Refretting is one of my specialties. It’s one of the main reasons I started my business! In my opinion, stainless steel makes the best fret material because it lasts 5 times longer than alloy and if you do bends it is very smooth to play. If you are going to spend $240 to $350 dollars for a refret, stainless is your best investment. Unfortunately it is not available in all fret sizes. Some shops charge a very high premium to do a refret with stainless, but I do not. I have worked with stainless steel for over 15 years in various forms and once I became accustomed to it as a repair person, I found it is really no different from any other material, although it does have unique characteristics. It is harder, obviously, but it is not Kryptonite! And it does rust, i.e. “stain-less”, but it won’t rust on your guitar. It does not form as nickel silver alloys do so it will not conform as easily to a fingerboard radius when it is installed as nickel alloy will. What this means is that each fret must be perfectly formed for it’s position on the fingerboard before installation. You cannot beat this material into form or position with a hammer or a press for that matter. Since it is harder than nickel alloy, it is harder to file the fret ends to even them up with the fret board. So each fret must be cut to the closest length possible before installation, unlike alloys that can be clipped off once they are in the fret board. Shaping and rounding the fret ends is no harder to do than using nickel. So what does all this mean to you, the player? It just means that the refretting takes a little longer and the cost is slightly higher. I’ve seen repair shops charge ridiculous fees for stainless steel refretting, but at Aperio you will only get a slightly higher charge than you would for nickel, and your fret work will last 5 times longer. So, it’s an easy decision to spend the extra $50 to $100.
That being said, some people just don’t like stainless, so I also use nickel alloy if desired.
Here are the basics of what happens on a refret.
These are just the fundamentals. It takes anywhere from 8 to 12 hours of work to do a refret depending on problems that may or may not arise.
1. Evaluate the fret board for twists and divots.
2. Remove old frets.
3. Remove nut.
4. Level fretboard and repair if needed.
5. Clear and saw fret slots.
6. Form and cut fret wire.
7. Inject glue into fret slot.
8. Press and or hammer in new frets.
9. Level frets.
10. Make new nut or use old nut if possible and install.
11. If maple, spray poly on fret board and then clean poly off fret tops.
12. Restring and setup bridge saddles and adjust nut slots.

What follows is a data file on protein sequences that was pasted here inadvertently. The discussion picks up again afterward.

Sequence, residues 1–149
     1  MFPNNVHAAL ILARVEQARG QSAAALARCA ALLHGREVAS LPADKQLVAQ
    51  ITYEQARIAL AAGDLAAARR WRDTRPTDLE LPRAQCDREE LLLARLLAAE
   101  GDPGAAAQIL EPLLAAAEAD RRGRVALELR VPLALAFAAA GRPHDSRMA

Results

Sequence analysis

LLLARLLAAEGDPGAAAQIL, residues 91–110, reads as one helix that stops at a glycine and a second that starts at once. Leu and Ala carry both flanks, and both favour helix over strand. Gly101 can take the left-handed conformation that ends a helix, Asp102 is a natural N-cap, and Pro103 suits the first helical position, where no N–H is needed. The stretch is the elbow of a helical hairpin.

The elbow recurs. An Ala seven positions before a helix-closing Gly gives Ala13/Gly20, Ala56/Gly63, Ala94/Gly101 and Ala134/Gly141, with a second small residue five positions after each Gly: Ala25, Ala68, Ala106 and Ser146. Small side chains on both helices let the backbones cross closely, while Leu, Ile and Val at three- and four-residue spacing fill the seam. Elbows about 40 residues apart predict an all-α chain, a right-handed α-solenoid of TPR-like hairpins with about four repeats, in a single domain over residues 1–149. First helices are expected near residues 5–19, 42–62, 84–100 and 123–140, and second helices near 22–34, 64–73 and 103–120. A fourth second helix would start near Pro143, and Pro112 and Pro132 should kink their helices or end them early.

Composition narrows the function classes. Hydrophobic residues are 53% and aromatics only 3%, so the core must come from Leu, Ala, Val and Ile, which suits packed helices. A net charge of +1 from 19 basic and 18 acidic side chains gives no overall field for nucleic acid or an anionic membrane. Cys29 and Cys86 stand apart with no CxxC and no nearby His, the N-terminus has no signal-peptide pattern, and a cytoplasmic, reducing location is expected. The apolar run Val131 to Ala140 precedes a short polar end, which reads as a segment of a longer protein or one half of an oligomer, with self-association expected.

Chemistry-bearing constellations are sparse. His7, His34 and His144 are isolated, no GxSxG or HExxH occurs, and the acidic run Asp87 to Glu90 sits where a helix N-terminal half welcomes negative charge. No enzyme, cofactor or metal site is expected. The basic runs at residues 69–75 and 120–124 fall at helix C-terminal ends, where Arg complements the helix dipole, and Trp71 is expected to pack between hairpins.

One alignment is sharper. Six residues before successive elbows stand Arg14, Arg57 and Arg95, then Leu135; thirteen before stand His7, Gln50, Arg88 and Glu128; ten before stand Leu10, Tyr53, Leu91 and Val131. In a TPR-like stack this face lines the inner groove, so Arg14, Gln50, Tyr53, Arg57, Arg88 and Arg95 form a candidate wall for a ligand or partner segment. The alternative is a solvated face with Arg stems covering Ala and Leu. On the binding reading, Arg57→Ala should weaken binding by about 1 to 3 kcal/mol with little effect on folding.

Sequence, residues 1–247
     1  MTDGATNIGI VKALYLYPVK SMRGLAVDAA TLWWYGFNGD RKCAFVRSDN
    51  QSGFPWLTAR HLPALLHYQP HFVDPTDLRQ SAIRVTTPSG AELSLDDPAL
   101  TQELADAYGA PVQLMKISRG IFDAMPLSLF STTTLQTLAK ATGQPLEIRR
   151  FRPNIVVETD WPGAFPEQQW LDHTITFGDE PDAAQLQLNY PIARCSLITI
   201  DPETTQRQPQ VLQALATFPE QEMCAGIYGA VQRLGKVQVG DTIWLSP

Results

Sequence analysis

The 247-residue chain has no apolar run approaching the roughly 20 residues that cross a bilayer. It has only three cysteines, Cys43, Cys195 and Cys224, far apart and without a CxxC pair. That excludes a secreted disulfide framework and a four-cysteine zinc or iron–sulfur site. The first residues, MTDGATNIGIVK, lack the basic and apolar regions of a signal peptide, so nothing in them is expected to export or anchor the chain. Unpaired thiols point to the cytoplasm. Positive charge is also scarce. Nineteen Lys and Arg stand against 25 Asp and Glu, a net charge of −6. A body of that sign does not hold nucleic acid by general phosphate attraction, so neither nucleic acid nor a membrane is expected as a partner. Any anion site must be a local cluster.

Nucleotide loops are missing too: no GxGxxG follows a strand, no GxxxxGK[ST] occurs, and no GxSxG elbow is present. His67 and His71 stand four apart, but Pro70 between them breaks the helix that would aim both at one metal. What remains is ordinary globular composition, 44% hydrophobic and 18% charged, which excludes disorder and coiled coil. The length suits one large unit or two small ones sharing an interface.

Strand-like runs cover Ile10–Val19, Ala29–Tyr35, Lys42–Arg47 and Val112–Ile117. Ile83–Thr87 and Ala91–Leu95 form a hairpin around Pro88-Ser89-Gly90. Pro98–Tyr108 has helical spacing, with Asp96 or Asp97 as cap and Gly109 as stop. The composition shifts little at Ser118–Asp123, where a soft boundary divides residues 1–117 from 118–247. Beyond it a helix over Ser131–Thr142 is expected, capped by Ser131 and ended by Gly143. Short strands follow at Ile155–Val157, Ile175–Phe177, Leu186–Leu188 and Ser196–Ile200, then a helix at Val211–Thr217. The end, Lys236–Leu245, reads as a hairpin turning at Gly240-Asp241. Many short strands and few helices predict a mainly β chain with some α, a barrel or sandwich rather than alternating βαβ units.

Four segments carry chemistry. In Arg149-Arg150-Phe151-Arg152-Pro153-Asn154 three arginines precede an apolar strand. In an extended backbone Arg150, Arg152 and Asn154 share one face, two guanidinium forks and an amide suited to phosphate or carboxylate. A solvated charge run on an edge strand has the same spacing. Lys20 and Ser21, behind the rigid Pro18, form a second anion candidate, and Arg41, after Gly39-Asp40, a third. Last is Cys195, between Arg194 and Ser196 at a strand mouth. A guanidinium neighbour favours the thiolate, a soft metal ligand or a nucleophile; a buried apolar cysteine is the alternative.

I currently stock the following sized fret wire:
Thousandths of an Inch
*** Stainless Fretwire: ***
FWSS110 Stainless Steel. A large crown wire in both height (.057) and width. The most popular fretwire size I install. Great for rock, metal or acoustic if you like large frets. My favorite! Between a 6105 (.055) and a 6100 (.058). Big stuff!
FWSS74 Stainless Steel. The most common fretwire size on older instruments, this wire is typically used for steel string instruments. Electric players have been moving to larger wire for a while now.
*** Nickel/Silver Fretwire: ***
FW110 The third largest fret wire I stock. If you want bigger than stock but not huge, this may be what you want. 18% nickel silver. (Dunlop #6110(.050)).
FW74 Hard, standard size long wearing fretwire. This is my most popular fretwire and is used mostly for steel string, but is often used on classical and electric guitars as well. 18% nickel silver. (VanGent. Like Dunlop #6230).
FW72 A softer, standard size, used mostly for nylon stringed instruments. 12% nickel silver. (VanGent.).
FW68 The smallest fretwire. Especially made for banjos, mandolins, dulcimers, and small instruments. 18% nickel silver. (VanGent.).
FW6000 The biggest wire (.058). Used on basses and rock guitars for those looking for a scalloped fingerboard feel. 18% nickel silver. (Dunlop #6000, Larger than MD110) .
You might ask, “How do I know what size fret wire I would like?” The only way is to try other guitars and see what feels good to you. Stock Asian and American guitars typically have .039 to .045 wire installed. Too small for me but a lot of people like that size. Big wire takes some getting used to and is not for everyone.
Keep in mind that whatever the size of the wire you want, a couple of thousandths may have to come off due to fret leveling and the shape of the fingerboard. For instance, if you select FW6000 you might end up with .055 to .058 in height. Again, it depends on your neck and it’s condition. In general, you are not going to notice a few thousandths.